A Guide to Autumn Foods to Improve Health- an East Asian Medicine Perspective

1450855_646328755312_420603004_nTo my dear readers, I apologize for my blogging hiatus. I am happy to announce that my husband and I bought a house, moved, and have had a handful of other positive stressors during the month of October. I needed a bit more balance in my life, hence the blogging break.

But now I am back to share a topic that I am very passionate about. In East Asian medicine, food is itself medicine. It is important to eat certain foods at specific times of the year to strengthen your body for the following season. You can also use various foods to help with the common cold in autumn, versus the common cold in the spring. Food is used as the first line of defense in East Asian healthcare– i.e. home care.

We are well into autumn. The first chill is in the air. Here in Walla Walla the dry air is starting to dry out our skin, our nostrils, and maybe even our lungs. If your lungs are ‘drying’ out, then you’ll notice that slight ache when breathing chilled air, or you may have a dry cough in the mornings and late afternoon without being sick.

See Your Breath [59/365]

In East Asian medicine each season is related to an organ system. That organ system is in charge of a tissue type, certain emotions, certain flavors, and various actions in the body and mind. It is not the same as the Western idea of an organ system. Autumn is the season of the Lungs. The lungs are in charge of our skin, our nostrils, and our immune system. The color of the lung system in Chinese medicine is white and their flavor is pungent. Pungent includes aromatic and spicy culinary flavors, such as perilla leaf, cardamom, cinnamon, cumin, curry, pepper, and chili peppers.

English: Black and green cardamom seed pods Fr...

English: Black and green cardamom seed pods Français : Les péricarpes de cardamome verte et noir. (Photo credit: Wikipedia)

perilla leaf

perilla leaf (Photo credit: postbear)

The pungent flavor helps lung function, but just like anything in life, moderation is key. Too much spicy flavor in food, can actually begin to damage the lungs and digestion. Another important factor to consider is  the broad range of culinary herbs and spices that make up the ‘pungent’ flavor. These range from gentle, aromatic herbs such as perilla leaf (excellent to wrap around a chicken breast and then bake it) to the full-fledged burn of a habanero or a ghost pepper. To help strengthen the lungs it is often  preferable to stick to the gentler, aromatic herbs — the ones that when you smell them cooking or boiling, gently clear your sinuses.

Another way to strengthen your immune system and support your lungs is to eat naturally white foods, such as pears, onions, leeks, capsicum, and cauliflower, as well as rice.  Rice is considered the specific grain of the lungs. Pears are especially fantastic for people who live in a climate that gets dry in the autumn.  If you get a dry, persistent cough, adding a baked pear with a little cinnamon can help immensely. In fact, if you are prone to dry, wheezing induced by cold air in the autumn and winter, eating pears daily while in season is indicated in Chinese medicine.  Another pear recipe for dry cough/wheezing, is to make a porridge with the grain called Job’s Tears (same basic cooking instructions as oatmeal), add slices of a baked pear, a dash of cinnamon and a drizzle of honey. Mum's Baked Pears in Red Wine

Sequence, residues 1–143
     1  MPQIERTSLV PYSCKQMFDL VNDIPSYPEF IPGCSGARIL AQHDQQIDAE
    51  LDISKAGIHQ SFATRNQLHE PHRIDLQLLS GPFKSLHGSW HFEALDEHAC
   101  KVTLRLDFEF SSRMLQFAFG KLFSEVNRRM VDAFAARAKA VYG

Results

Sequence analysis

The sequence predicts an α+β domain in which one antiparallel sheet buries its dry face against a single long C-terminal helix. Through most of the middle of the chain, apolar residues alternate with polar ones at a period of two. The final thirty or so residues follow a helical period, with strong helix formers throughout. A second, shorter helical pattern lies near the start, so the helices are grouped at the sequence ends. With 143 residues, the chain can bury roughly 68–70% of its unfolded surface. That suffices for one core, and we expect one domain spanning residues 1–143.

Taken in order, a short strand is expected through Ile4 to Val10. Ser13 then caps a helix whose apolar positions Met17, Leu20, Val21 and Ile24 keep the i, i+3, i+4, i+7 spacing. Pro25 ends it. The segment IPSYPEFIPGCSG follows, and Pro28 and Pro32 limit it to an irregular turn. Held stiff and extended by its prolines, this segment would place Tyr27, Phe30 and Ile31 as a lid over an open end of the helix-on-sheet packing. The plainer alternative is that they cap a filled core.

The final way to strengthen nutritional strengthen your lungs is by eating vegetables that nourish and strengthen the organ system that is considered the mother of the lungs, the spleen/pancreas and Stomach organs. This works on the philosophy that the child stays healthy and strong, when the mom stays healthy and strong. Orange and yellow vegetables with a hint of sweetness nourish the spleen/s\pancreas and stomach.  So eating a healthy dose of orange fleshed squash such as butternut, banana, delicata, acorn, pumpkin, kabocha, and hubbard squash is what the doctor ordered. Also remember to add in carrots, sweet potatoes, and yams. I like to substitute mashed sweet potatoes and yams for regular russet potatoes, or just bake them.

P1040971 P1040950 563886_600199029652_346167351_nI also like to note that the foods East Asian medicine suggests we eat for lung health and immune system support are the foods that grow seasonally during the autumn.  Chinese and East Asian medicine also suggests that if we eat the right foods to strengthen our bodies during the autumn, it will prepare us for better health in the winter months.

Stay tuned for more recipes involving seasonal ingredients.

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